Train-spotting was (and I guess for some people still is) a hobby that was started in the cradle of the railways - United Kingdom. Since all the engines had individual numbers given by the manufacturers and they were clearly placed on the sides and front of the engines people begun to record the numbers of engines they have stumbled upon and thus build a whole history of the engines since they could have been spotted in different parts of the country. On first glance it seem fairly entertaining (especially at the beginning of 20th century when steam engines were rather rare and spectacular sight). But with time and increase in number of trains being in use the hobby deteriorated and even become sort of a joke as extremely boring way of spending the time.
The game Sensible Train Spotting was itself developed as sort of a joke - in mid-1990s Commodore Amiga computers were in decline and one of the most recognizable developers, Sensible Software, known from dynamic games like Sensible Soccer or Cannon Fodder, was about to cease the production for Amiga. And Sensible Train Spotting was their farewell gift to the fans - with a thermos of hot tea we seat on the platform of train station and watch the passing trains. We have list of the train symbols at the bottom of the screen and each time we spot one of them we simply cross that symbol out. And... that’s about it. If we finish the card (cross out all of the symbols) we move on to higher level, where we have to spot even more trains. Oh, wait, have I mention the thermos? Well, in that case I’ve told the whole story of Sensible Train Spotting - a simple and boring game about simple and boring hobby.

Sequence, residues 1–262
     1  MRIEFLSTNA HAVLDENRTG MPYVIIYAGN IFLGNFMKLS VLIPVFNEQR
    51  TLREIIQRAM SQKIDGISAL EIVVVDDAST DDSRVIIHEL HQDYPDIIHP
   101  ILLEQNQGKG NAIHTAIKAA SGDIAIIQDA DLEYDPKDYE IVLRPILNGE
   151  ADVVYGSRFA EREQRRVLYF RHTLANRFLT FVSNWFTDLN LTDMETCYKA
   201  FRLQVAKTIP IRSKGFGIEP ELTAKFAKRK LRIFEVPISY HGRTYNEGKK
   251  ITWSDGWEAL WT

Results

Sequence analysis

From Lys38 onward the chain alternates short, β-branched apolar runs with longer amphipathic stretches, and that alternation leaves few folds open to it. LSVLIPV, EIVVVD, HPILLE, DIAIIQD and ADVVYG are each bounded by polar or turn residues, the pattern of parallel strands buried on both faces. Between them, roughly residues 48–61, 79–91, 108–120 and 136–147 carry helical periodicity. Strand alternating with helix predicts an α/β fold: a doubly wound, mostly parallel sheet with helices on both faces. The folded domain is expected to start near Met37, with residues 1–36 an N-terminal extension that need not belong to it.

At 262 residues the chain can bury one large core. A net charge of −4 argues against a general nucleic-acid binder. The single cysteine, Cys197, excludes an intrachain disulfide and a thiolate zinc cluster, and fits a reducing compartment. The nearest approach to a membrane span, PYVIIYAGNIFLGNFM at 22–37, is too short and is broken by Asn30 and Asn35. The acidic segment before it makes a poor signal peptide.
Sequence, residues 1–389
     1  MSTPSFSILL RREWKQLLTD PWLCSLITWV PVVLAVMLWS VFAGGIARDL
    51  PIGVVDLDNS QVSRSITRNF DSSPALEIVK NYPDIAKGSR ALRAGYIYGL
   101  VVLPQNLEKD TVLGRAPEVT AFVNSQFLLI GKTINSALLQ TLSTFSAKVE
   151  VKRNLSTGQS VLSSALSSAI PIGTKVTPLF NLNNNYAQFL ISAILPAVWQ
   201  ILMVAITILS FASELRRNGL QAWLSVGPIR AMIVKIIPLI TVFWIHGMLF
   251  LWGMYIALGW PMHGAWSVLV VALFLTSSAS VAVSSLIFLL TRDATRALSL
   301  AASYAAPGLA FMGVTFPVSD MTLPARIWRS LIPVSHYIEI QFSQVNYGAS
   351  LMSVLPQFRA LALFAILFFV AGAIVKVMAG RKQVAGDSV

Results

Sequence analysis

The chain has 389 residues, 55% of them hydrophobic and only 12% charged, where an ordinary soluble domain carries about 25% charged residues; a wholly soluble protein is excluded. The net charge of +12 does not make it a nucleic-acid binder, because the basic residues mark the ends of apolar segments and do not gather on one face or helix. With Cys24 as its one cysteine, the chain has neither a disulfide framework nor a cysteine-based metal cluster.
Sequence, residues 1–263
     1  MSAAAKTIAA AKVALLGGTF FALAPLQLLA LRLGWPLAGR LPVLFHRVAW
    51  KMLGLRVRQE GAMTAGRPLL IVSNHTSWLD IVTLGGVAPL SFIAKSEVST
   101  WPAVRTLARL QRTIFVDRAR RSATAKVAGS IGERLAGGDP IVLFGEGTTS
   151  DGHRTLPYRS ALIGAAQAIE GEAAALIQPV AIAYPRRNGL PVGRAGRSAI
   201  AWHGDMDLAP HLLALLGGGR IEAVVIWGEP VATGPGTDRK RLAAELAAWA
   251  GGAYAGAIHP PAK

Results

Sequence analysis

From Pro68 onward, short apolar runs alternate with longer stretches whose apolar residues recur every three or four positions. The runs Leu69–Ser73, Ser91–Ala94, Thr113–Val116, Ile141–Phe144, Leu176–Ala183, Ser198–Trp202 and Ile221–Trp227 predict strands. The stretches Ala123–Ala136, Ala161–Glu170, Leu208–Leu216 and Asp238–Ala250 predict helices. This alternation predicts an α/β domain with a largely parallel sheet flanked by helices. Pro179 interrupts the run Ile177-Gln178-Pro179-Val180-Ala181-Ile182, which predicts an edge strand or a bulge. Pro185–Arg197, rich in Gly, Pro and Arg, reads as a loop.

Sensible Train Spotting gameplay